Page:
Banks in many countries have identified the need for more timely payments and introduced instant payments in their respective local markets. But these instant payment schemes have not yet developed to cover global payment settlement. For now, global payments are still routed across countries in comparably slow schemes and agreements. Depending on the national infrastructure, it is possible that at least the “last mile” of the payment is executed within seconds.

All are employing the traditional rails of local currency accounts, held in the books of banks across the globe, with stop of processing at their local cut-off end of business time. Cross-currency liquidity is settled mostly at T+2, so the day after tomorrow is when liquidity replenishment will finally arrive in a destination country.

Slow speed combined with high cost promoted the rise of Money Transfer Operators (MTO) like Western Union, Ria or Transferwise focusing on global payments by leveraging liquidity in their network of operating countries, some in specific focus corridors.

Blockchain technology is often assumed to aim to replace “real-world” fiat money, Bitcoin being the most prominent example. The question beyond this discussion is how it can possibly help to leave the world of local correspondent accounts shutting down each evening – after all, it is always 6pm in some part of the world.


Blockchain, a new hope

The thought of using modern computer technology to solve the problem of payments is not new. And while there were concepts following this ideology like Wei Dais “b-money” [2] in 1998 or Nick Szabos “bit gold” [3] in 2008, the breakthrough for this ideology was more recently.

On November 1st, 2008, in the midst of the financial crisis, a new concept was put forward in the paper “Bitcoin: A Peer-to-Peer Electronic Cash System” [4]. This concept explains how a peer-to-peer network allows funds to be transferred from one party to another without using a financial institution or any predefined intermediary. Bitcoin is by design a permissionless and public Blockchain, which means that anyone can join the network. The transaction data is available to the public and participants can join without prior identification, which makes it possible to operate anonymously. Although the idea of using Blockchain to solve global payment inefficiencies is a feasible approach, the implementation offered by Bitcoin is not sufficient for professional use cases in the world of business. Financial institutions and most if not all companies and other entities are bound by regulations around bookkeeping and taxation. They require a Blockchain-based solution which is permissioned and, in many cases also private, which means that participants can only join after identifying themselves and undergoing a rigorous vetting process. As a result, access to and visibility of transactions is limited to a selected and perfectly identifiable group.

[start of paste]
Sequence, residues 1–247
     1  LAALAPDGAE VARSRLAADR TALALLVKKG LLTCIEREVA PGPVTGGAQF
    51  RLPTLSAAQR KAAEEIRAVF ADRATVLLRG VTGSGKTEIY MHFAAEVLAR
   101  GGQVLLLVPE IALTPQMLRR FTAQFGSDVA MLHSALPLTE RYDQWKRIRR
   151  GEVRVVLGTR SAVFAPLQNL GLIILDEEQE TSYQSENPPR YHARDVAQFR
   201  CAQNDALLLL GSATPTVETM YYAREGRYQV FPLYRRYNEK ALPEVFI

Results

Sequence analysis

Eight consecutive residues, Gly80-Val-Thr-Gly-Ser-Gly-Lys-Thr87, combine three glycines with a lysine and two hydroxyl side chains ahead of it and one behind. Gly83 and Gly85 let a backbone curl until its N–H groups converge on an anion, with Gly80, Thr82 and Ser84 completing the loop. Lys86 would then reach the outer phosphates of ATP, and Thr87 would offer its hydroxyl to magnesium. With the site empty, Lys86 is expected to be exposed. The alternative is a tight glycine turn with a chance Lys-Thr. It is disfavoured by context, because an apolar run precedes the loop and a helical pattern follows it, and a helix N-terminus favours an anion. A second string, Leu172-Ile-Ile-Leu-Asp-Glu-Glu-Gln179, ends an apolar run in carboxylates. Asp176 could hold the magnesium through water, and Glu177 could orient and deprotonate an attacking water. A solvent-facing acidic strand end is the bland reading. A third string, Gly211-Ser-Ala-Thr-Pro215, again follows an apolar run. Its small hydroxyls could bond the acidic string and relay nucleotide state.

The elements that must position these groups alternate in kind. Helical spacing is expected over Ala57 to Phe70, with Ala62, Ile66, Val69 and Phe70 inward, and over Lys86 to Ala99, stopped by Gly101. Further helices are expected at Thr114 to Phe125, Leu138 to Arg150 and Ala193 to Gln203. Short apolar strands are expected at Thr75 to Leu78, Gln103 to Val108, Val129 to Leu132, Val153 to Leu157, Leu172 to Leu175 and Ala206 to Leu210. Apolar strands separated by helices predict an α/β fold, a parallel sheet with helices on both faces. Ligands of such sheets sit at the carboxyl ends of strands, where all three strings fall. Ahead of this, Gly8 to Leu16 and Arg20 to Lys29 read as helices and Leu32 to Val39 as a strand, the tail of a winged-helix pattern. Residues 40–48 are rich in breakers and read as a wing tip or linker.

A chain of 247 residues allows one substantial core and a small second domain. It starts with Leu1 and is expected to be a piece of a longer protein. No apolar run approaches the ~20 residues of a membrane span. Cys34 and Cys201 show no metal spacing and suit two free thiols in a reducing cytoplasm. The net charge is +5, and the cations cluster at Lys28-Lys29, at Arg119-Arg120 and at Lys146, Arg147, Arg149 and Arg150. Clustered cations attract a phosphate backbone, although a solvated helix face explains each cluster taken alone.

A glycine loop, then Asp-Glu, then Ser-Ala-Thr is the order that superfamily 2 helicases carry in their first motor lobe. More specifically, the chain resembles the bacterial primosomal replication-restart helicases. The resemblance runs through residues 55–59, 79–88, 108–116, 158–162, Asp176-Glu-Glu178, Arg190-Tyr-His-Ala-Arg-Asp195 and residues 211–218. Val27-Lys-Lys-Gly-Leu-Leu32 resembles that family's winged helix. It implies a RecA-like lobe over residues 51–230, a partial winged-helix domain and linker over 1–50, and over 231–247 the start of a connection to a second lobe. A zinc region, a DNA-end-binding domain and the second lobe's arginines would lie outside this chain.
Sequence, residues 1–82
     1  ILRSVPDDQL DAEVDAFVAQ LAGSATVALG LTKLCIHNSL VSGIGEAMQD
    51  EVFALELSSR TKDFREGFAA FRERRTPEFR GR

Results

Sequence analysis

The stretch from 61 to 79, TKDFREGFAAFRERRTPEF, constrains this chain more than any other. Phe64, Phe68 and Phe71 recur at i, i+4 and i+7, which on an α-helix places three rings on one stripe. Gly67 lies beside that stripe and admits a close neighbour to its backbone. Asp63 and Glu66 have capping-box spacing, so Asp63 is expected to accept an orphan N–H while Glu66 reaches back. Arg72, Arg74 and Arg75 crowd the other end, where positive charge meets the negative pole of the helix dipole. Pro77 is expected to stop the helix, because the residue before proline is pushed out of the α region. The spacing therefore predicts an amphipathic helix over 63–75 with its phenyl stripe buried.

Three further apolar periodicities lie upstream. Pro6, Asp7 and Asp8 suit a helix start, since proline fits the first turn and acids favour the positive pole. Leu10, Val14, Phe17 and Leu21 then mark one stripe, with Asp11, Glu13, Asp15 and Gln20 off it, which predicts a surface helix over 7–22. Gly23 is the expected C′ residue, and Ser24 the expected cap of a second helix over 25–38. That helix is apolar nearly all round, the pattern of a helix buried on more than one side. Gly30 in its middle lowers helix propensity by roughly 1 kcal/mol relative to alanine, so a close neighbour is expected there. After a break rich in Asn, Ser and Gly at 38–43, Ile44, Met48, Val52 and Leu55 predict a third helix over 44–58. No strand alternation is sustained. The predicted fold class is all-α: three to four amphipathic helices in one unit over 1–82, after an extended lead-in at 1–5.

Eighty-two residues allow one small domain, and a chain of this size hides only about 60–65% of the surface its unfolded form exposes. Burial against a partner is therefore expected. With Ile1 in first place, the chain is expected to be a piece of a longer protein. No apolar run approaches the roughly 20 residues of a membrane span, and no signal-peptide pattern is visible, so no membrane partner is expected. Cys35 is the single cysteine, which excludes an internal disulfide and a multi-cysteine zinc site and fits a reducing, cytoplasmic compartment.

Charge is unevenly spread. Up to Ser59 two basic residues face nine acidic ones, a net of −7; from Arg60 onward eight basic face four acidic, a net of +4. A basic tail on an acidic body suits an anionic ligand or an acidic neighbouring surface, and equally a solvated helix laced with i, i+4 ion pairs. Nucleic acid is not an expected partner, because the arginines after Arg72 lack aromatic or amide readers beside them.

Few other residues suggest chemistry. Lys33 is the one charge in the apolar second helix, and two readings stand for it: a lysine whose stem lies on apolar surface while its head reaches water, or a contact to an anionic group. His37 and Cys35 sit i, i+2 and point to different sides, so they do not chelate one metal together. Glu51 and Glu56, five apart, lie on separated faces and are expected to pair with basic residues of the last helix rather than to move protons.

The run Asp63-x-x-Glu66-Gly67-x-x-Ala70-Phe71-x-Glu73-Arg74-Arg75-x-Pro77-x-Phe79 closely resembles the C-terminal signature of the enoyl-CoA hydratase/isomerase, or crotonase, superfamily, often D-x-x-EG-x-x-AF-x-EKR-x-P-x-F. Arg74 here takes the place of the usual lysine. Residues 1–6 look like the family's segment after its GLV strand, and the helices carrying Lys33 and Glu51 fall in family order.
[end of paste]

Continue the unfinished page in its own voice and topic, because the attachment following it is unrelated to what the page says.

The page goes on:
Blockchain based rails, with permission and privacy features, can subsequently be identified as a solution for cross border payments.

Transferring money with very limited – if any – intermediaries will result in lower fees and faster execution. Furthermore, transmitting value at the moment it is needed means less cash management at “T+2”, i.e. two days in advance and freeing up money which today is tied up in correspondent accounts. Thus, payments processed using Blockchain technology promise to be very cost-efficient.

Blockchain enables settling transactions in near real-time on a global scale. Near immediate settlement reduces risks for all parties in the economy which can embrace the move to global real time commerce.

Blockchain provides an immutable and verifiable record of all transactions, distributed to all authorized parties, making the whole system transparent. Due to the shared distributed ledger, there are no discrepancies in record keeping with everyone having an identical copy of the ledger. This ledger is maintained and updated communally.

Data is secured on the Blockchain by using cryptography, tying transactions to previous ones and distributing the ledger among participants. Having to alter all previous transactions on the ledger, makes tampering with data harder – near impossible – with an increasing number of subsequent transactions.

So, payments based on Blockchain promise to be cost-effective, almost immediate, transparent and secure. Peer-to-peer payments with Blockchain can bring down transaction costs by 40 – 80% [5], some estimate even 90 – 95% [6] and enhance the velocity of transactions to 4 – 6 seconds on average.